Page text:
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Best Era For Fender Jazz Basses?

Discussion in 'Basses [BG]' started by jazztonebass, Apr 5, 2014.

  1. jazztonebass


    Apr 23, 2012
  2. interesting read....thanks for sharing!

    I think a strong case could be made that the best era for Jazz basses is NOW. The 2008 - 20?? J Basses have seen so many improvements in Build Quality, Quality Control, Features, etc. There are Custom Shop Jazzes, Select Models, Am Deluxe, MIJ, Am Std, MIM's and Squires. I believe ALL of these models are enjoying a golden age so to speak.
  3. I have played them all in stores, an over the years. Now is the best time for Jazz basses. An all the copies. Heh. 70s an early 80s jazz basses the WORST of the lot. We knew it then. Conveniently forgotten in face of almighty dollar today.
  4. JimmyThunder

    JimmyThunder Supporting Member

    Feb 19, 2008
    New Hampshire
    'best era' depends on what you're holding in your hand at the time. Dogs and winners everywhere.
    Ace Of Bass likes this.
  5. Unless I missed something, the four basses tested did not necessarily have the same type, brand and gauge of strings. I appreciate the fact that the strings may be quite old on some of the basses and newer on others. That fact - in and of itself - has a direct impact on the sound. Strings always have a direct and dramatic impact on the sound - be they flats or rounds or halfs or tapes - and of course, we all know the sound of the same type and gauge can vary wildly from brand to brand.

    Any test of this nature, in my humble opinion, must be conducted with the exact same type, brand and gauge of strings - or the test would be inherently flawed.

  6. The read was excellent. They like an revere the older basses more than me. An while I agree the tones of those basses pretty good, they underemphasize just how badly constructed those basses are. Not just neck gaps... Bad soldering, hugely varying and inconsistent output, bad necks... List goes on. Opinions vary. Mine is certainly no more important an opinion than anyone's. But the basses made today by both Squier and Fender are light-years ahead of anythin made by Fender then. The Squier VM series is closest to the older basses. An most pros scoff at usin them over the American series of basses. All across the board, technology and our ever increasing standards and tolerances have made the entire bass guitar industry better. Let alone the Fenders from back then. Do my current American Deluxe Jazz basses sound different than those older ones? You bet. But even here, each bass sounded different. All basses sound different, period. Each single one is like a different person. But construction, materials an designs have improved so much... I can't wait til my basses are 25, 30, 60 years old. I'll get to see how they stack up to a 62, 73 or 85 at the same age. I bet my tuners work better. I bet my neck more solid. I bet my tone is more solid, detailed. An I bet we debate this to eternity. I lve them all. But I play these current ones. You get more, for less. In my opinion. In my experience...
  7. Dluxe

    Dluxe Supporting Member

    Jan 9, 2011
    Austin, TX
    A big plus 1. I love my '76 Jazz. Back in the early 80's I had a great '65 Jazz. That was probably one of the best Jazz basses I've ever played.
  8. SirMjac28

    SirMjac28 Patiently Waiting For The Next British Invasion

    Aug 25, 2010
    The Great Midwest
  9. davedblyoo

    davedblyoo "All the mayhem and none of the sticky mess." Supporting Member

    Nov 15, 2012
    Augusta, GA
    I realize that quality in any individual Fender (or another other instrument) can be a hit or miss proposition. However, I had a 70's era Precision that I played for a few years. It was heavy, the neck wasn't comfortable, and had the wimpiest sounding E string I have ever encountered. It also had a Badass II on it, draw your own conclusions. Upgrading the pickup to a Seymour Duncan PB3 did absolutely nothing to help. I picked up that bass in 1985. In 1995 I acquired a brand new 1995 American Standard Jazz. Buildwise, it was a huge improvement over the 70's bass. I liked the tone better. It fit me better. I still have that bass, lightly modded. I replaced the pups with some Aguilar 70's pickups (Heaven!) and replaced the bridge with a Fender HMV bridge, strung through the top. That bass is now one of my favorites, never to be parted with. Jump ahead to early 2013. I bought a new 2012 American Standard Precision. I changed the strings to some Sadowskys. and I believe that this bass is one of the very nicest basses out of the box I have ever owned. The build is great, I love the tone and the playability, can't imagine at this point that I would ever have to upgrade anything on it. And I bought it online, sight unseen. A few weeks ago I bought a 2013 American Standard P Bass 5, and it is great also. I have to admit, I'm thinking about swapping the pickup out. It sounds good, but I can't help but think there's something out there that would push it completely over the top. What I'm trying to say with all of this, is that based on my personal experience, the current crop of Fender instruments is the best I've ever used, and I've used a few.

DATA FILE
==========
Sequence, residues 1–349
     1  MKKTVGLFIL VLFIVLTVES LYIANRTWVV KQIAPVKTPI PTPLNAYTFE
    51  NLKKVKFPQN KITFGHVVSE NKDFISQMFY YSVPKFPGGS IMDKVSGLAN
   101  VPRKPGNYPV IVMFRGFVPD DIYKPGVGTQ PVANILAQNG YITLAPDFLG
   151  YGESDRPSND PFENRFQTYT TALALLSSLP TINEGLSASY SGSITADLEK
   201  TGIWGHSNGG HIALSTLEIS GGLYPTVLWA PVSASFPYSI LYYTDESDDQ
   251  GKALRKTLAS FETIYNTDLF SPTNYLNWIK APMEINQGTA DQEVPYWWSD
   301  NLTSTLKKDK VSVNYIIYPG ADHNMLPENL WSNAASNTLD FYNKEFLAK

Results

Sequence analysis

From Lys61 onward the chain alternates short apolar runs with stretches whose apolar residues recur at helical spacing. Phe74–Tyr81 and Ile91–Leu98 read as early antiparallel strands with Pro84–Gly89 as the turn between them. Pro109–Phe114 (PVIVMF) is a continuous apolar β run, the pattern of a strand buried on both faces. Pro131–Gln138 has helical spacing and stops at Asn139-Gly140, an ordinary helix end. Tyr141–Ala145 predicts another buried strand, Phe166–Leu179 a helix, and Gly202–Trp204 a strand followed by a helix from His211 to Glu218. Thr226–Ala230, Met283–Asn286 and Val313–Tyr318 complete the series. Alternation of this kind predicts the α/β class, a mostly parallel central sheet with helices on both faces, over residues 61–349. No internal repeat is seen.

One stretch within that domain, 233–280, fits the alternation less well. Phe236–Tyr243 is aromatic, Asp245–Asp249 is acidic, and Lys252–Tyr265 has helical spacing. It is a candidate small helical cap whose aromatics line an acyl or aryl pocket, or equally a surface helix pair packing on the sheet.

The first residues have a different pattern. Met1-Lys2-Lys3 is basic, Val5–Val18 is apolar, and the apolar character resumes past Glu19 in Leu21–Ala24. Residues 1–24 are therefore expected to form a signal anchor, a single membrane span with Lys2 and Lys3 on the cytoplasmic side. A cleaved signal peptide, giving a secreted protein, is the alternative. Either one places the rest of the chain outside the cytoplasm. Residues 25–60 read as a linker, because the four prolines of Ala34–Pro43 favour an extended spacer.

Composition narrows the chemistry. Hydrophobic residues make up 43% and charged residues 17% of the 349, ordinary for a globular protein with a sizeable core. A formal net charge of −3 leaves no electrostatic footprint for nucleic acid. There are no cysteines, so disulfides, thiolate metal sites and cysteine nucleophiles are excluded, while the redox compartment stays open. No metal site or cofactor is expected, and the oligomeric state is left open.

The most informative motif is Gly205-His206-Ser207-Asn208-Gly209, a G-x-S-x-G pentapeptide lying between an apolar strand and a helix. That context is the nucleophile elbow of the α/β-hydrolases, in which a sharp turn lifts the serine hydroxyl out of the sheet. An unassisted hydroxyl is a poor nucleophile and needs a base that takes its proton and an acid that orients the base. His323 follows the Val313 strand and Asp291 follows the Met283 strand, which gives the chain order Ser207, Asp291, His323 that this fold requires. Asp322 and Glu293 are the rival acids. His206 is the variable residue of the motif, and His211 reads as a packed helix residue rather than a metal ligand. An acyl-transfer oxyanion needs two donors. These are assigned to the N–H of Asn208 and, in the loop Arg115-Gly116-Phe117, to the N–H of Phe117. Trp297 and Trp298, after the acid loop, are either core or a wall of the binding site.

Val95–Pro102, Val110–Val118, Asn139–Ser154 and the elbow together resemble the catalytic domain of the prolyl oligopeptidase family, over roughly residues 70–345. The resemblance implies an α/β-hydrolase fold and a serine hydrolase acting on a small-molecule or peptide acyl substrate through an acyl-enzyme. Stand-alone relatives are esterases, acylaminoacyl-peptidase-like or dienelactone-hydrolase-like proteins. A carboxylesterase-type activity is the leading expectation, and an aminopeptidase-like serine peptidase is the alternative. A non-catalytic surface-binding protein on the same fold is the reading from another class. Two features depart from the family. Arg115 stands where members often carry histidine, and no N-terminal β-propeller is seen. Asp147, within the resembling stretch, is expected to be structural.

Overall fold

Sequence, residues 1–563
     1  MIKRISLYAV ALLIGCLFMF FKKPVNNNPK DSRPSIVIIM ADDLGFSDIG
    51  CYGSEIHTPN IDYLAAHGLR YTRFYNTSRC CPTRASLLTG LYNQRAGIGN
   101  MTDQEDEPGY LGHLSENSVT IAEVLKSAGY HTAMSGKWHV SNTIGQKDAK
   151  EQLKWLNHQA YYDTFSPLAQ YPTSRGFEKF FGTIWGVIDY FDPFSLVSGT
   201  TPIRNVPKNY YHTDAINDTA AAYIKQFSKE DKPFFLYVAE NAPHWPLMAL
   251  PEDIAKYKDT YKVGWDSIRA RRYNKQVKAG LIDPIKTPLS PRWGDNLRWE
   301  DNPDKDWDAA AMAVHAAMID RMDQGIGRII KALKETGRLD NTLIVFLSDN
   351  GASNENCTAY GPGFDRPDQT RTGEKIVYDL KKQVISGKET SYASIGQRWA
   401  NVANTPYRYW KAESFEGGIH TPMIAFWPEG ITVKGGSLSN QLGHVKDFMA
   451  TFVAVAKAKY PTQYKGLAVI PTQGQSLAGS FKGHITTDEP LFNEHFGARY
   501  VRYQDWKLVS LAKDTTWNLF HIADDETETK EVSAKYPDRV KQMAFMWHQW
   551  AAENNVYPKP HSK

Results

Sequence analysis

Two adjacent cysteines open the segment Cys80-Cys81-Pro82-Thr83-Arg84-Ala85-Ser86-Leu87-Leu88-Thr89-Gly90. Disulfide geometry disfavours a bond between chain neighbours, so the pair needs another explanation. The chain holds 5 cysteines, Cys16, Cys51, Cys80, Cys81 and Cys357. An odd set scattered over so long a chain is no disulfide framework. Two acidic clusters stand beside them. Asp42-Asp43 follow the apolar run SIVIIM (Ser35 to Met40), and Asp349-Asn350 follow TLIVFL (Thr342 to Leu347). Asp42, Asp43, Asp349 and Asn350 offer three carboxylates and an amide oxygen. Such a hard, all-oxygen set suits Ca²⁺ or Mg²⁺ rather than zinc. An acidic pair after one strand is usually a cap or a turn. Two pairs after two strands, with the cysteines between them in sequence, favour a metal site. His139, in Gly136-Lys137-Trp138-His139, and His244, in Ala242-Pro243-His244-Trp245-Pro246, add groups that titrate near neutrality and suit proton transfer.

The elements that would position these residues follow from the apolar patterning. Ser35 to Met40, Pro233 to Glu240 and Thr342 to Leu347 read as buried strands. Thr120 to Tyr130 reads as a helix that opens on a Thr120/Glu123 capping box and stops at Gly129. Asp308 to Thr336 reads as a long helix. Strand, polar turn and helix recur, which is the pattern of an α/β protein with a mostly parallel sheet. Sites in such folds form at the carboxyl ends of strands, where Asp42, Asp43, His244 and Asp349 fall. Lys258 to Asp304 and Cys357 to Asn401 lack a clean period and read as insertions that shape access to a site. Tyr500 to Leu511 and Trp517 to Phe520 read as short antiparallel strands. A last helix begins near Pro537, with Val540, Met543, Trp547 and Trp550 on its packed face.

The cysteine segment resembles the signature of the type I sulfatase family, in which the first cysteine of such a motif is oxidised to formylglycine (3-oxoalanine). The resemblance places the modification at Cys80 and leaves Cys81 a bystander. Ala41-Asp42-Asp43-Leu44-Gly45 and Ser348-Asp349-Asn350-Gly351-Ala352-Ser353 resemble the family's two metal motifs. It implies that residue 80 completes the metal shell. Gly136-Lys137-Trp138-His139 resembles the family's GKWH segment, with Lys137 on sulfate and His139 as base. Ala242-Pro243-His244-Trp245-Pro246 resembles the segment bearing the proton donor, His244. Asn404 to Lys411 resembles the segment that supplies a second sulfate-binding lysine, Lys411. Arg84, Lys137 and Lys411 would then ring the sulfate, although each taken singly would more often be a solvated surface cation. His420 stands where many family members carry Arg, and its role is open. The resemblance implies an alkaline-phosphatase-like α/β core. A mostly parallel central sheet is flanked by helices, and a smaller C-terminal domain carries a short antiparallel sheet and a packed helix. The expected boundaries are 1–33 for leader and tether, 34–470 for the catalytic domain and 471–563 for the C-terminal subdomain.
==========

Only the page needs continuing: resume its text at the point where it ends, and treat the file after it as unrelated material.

10. DirkP


    Jan 18, 2013
    Hamburg, Germany
    It might be true that most of the instruments Fender builds today are quality instruments. But Fender still does things that I find hard to accept.
    For example they offer a bass for 750,- Euros, the Pawn Shop Series Fender Bass VI. And the way it is delivered it is not possible to tune the E-String correctly. Not only that the string has the wrong gauge for that kind of bass, Fender USA today can't build the time correct bridge. They had to ask Fender Japan to lend them the tools, but Fender Japan rejected to do this.
    It's not exactly a cheap instrument, but it comes even worse: they did the same - I don't know, if they have changed this now - on the Custom Shop version of the Fender Bass VI which costs more than 3.000,- dollars.
    This company doesn't have the tools or the expertise to build a cheap metal sheet, a stoneage primitive bridge, they have to beg Fender Japan???

    They are building instruments for more than 60 years now and most of these instruments have the same basic design as decades ago and they are still making these huge mistakes?

    I still like my Pawnshop Bass VI and it's otherwise a good instrument for the price but what Fender still does when it comes to Quality Control or managing to deliver an instrument that can't be tuned in its orginal configuration still makes me wonder...
    The tools they have today are so far superior to the tools they had to use decades before, it has become so much easier to install quality control systems that make sure that your products maintain a high standard of quality.

    In most other industries, they wouldn't get away with stuff like this. Musicians still accept to pay a rather high price and then have to modify an instrument to make it playable. Just imagine Fender would build cars!